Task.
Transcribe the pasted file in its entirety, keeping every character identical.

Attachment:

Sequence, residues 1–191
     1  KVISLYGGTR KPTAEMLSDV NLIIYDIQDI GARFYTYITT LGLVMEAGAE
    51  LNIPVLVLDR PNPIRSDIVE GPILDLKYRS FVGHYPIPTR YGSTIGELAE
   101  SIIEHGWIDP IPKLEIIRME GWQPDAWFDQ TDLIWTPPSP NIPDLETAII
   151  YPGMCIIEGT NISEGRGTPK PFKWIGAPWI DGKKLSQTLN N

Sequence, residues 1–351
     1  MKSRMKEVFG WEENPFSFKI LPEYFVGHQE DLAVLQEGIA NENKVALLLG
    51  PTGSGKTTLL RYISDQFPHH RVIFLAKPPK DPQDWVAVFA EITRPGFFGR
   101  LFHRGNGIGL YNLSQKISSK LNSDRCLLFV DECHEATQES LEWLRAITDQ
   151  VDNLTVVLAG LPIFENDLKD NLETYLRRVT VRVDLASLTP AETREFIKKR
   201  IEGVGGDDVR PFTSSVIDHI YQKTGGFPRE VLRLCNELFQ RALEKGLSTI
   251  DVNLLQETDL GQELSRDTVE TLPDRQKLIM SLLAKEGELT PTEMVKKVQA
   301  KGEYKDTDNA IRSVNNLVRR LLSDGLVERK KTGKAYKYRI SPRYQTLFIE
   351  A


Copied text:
Sequence, residues 1–191
     1  KVISLYGGTR KPTAEMLSDV NLIIYDIQDI GARFYTYITT LGLVMEAGAE
    51  LNIPVLVLDR PNPIRSDIVE GPILDLKYRS FVGHYPIPTR YGSTIGELAE
   101  SIIEHGWIDP IPKLEIIRME GWQPDAWFDQ TDLIWTPPSP NIPDLETAII
   151  YPGMCIIEGT NISEGRGTPK PFKWIGAPWI DGKKLSQTLN N

Sequence, residues 1–351
     1  MKSRMKEVFG WEENPFSFKI LPEYFVGHQE DLAVLQEGIA NENKVALLLG
    51  PTGSGKTTLL RYISDQFPHH RVIFLAKPPK DPQDWVAVFA EITRPGFFGR
   101  LFHRGNGIGL YNLSQKISSK LNSDRCLLFV DECHEATQES LEWLRAITDQ
   151  VDNLTVVLAG LPIFENDLKD NLETYLRRVT VRVDLASLTP AETREFIKKR
   201  IEGVGGDDVR PFTSSVIDHI YQKTGGFPRE VLRLCNELFQ RALEKGLSTI
   251  DVNLLQETDL GQELSRDTVE TLPDRQKLIM SLLAKEGELT PTEMVKKVQA
   301  KGEYKDTDNA IRSVNNLVRR LLSDGLVERK KTGKAYKYRI SPRYQTLFIE
   351  A